The lint of truth therein lingers sadly. Of the first 15 World Series, 10 were won by teams from Chicago or Boston. Since 1919 the Yankees and the Mets have won a total of 31 titles, and of course the Sox and the Cubs have won none. The Red Sox haven't won a Series since 1918, and they gave Babe Ruth to the Yankees way back then. But we'll let Red Sox fans tell their story another time.
There is one other factor in determining the Cubs' and the Sox' fan bases. "Yes, it's north and south," says Chicago native Michael Wilbon, a sports columnist for The Washington Post and cohost of ESPN's Pardon the Interruption. "But it's also racial." Wilbon, who grew up on the South Side, remembers that black Sox players and even black Cubs players lived near him because they couldn't get housing on the North Side. "My dad tried to go see Jackie Robinson at Wrigley in 1948, and he was turned away, and he vowed he would never go see the Cubs again. Walt (No Neck) Williams of the Sox lived near us, and Ernie Banks lived just east. We'd all take the "L" to Comiskey, like, 20 times a year. But Wrigley, that might as well have been in Minneapolis."
Still, Wilbon is now a fan of the Cubs as well as the Sox, sensing their common ineptitude and linked striving. He has a satellite dish and a baseball package at his home in Maryland just so he can watch his hometown clubs. " Michael Jordan and the Bulls relieved pressure on Chicago baseball," says Wilbon. "Ditka and McMahon and the Bears of the '80s took a lot of summertime depression out of it.
"But I don't expect to see the Cubs or Sox win a World Series in my lifetime. I stopped daydreaming about it. I let it go."
All the bad trades and dumb deals by both clubs are enough to make most fans exhale like Wilbon. The Cubs' 1964 trade of left-fielder Lou Brock to the Cardinals for sore-armed pitcher Ernie Broglio, who won all of seven games for the Cubs while Brock became a Hall of Famer, is generally considered the worst in team history. But letting Greg Maddux go to Atlanta also ranks right up there, or down there.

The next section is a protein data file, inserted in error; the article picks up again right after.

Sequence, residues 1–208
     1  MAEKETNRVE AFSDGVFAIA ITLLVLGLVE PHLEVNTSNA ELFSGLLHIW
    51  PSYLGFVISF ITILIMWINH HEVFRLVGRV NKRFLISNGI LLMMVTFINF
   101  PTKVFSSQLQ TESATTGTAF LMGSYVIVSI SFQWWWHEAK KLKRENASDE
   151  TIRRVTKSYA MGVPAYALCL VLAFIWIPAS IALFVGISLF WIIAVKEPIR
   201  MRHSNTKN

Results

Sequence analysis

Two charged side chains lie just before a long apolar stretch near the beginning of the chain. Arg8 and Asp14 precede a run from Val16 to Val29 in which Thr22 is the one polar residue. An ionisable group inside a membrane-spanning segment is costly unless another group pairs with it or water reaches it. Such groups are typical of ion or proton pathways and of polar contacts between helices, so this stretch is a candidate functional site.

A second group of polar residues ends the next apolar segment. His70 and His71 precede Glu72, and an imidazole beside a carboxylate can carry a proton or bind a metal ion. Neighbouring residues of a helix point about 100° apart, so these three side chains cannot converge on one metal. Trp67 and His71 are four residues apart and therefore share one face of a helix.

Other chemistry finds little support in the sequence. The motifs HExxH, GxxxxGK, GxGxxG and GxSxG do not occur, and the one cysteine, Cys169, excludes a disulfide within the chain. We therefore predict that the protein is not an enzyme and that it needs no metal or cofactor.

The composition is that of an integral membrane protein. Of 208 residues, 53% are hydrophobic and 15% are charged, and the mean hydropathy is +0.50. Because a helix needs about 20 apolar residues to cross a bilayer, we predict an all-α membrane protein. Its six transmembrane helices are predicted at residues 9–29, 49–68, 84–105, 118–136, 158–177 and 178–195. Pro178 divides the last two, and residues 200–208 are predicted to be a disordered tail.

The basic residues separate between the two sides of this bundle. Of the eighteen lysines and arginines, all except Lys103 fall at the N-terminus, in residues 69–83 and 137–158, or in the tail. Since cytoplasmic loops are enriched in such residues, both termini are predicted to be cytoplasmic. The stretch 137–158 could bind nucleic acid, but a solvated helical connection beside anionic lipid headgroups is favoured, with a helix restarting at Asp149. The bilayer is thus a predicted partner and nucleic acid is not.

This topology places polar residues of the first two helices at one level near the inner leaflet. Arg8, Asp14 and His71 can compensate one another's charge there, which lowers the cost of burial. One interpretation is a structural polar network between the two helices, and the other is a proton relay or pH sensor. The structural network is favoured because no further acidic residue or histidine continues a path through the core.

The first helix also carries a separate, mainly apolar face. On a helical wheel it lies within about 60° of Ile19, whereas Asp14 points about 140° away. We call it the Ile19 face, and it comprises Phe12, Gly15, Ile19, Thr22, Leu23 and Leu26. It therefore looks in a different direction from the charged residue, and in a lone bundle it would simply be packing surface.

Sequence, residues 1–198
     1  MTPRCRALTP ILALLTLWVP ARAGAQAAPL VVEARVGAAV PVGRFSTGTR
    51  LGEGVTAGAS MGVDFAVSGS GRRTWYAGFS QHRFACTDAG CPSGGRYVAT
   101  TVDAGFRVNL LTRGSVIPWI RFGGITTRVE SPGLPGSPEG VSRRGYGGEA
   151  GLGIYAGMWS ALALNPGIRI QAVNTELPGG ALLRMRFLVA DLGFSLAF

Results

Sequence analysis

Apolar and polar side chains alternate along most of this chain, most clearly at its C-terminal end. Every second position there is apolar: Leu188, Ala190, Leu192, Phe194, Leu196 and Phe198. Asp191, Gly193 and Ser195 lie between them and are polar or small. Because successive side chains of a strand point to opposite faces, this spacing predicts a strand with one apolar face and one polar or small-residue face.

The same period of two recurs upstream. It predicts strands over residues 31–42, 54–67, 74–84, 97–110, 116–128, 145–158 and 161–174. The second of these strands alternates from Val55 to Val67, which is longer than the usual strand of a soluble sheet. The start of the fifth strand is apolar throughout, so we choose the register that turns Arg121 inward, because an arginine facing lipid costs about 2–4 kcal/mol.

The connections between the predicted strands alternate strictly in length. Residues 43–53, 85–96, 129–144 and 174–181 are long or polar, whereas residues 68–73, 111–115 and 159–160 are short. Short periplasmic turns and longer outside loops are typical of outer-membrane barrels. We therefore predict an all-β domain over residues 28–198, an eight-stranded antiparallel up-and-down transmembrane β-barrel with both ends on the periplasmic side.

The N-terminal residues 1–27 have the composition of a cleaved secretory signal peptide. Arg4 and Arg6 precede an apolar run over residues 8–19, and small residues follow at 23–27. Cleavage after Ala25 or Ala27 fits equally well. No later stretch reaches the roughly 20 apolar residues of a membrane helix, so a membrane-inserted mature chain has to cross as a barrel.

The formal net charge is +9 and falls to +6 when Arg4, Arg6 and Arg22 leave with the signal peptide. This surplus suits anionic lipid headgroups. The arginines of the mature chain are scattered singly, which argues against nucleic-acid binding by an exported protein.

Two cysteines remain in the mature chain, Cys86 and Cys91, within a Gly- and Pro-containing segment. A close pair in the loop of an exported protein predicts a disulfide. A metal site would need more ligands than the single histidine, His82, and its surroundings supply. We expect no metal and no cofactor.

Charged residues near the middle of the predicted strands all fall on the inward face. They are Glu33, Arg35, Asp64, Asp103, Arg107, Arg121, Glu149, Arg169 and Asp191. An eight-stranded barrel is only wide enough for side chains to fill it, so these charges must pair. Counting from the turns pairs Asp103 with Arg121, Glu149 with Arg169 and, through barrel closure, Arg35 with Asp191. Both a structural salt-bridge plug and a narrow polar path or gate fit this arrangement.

The White Sox' signing of human virus Albert Belle for tons of money was bad. As was bringing in goofball pitcher David Wells, predict. But canning singular manager La Russa in 1986, three years after he won the division and was named Manager of the Year, might win the dunce cap.
And what of on-field blunders? How about Sox manager Terry Bevington going to the mound and calling for a righty out of the bullpen, only to discover nobody of either arm was warming up? The White Sox' red uniforms and their honest-to-god game shorts would make even Elton John blush. But let's also recall Cubs eccentric Joe Pepitone, who once, after reaching first, got a wink sign from first base coach Joey Amalfitano confirming a hit-and-run play. Pepitone, who spent great lengths of time grooming his toupee, winked back at Amalfitano, blew him a kiss—and was promptly picked off.
Hack Wilson, who holds the major league single-season RBI record, with 191, was such a drunk in the 1930s that an enlargement of a newspaper story titled HACK'S LAST WARNING is posted in the Cubs' training room. "Talent isn't enough," Wilson says in the old interview, when he was near death. "You need common sense and good advice.... I spent all of my money, most of it in barrooms."
Wrigley Field itself has been compared to an outdoor barroom, and former Cubs manager Lee Elia's tirade against the Wrigley daytime habitu�s in 1983 was half-inspired, half-deranged. "The f—-ers don't even work!" Elia ranted. "That's why they're out at the f———game! Tell 'em to go out and get a f———job and find out what it's like to earn a f———living! Eighty-five percent of the f———world works, the other 15 come here!"
Well, not all of them. A fellow like me is wandering around the outside of the park, marveling again that the only statue at Wrigley is not of Hack or Tinker or Evers or Chance—Cubs all—but of bloated, grinning announcer Harry Caray, holding out a microphone to an invisible crowd, singing silently in the seventh inning. LET ME HEAR YA.... the legend chiseled on the base reads. A ONE.... A TWO.... A THREE.... It's perfect, really, just like Disco Demolition at Comiskey years ago, the blow-up-the-albums riot that canceled a game and destroyed the turf as well as the sanity of the place. Deejay Steve Dahl, who concocted the event and wore a military helmet during the detonation, says now that Sox fans and Cubs fans can accept the endless losing because "we're happy just to be outside for a few months."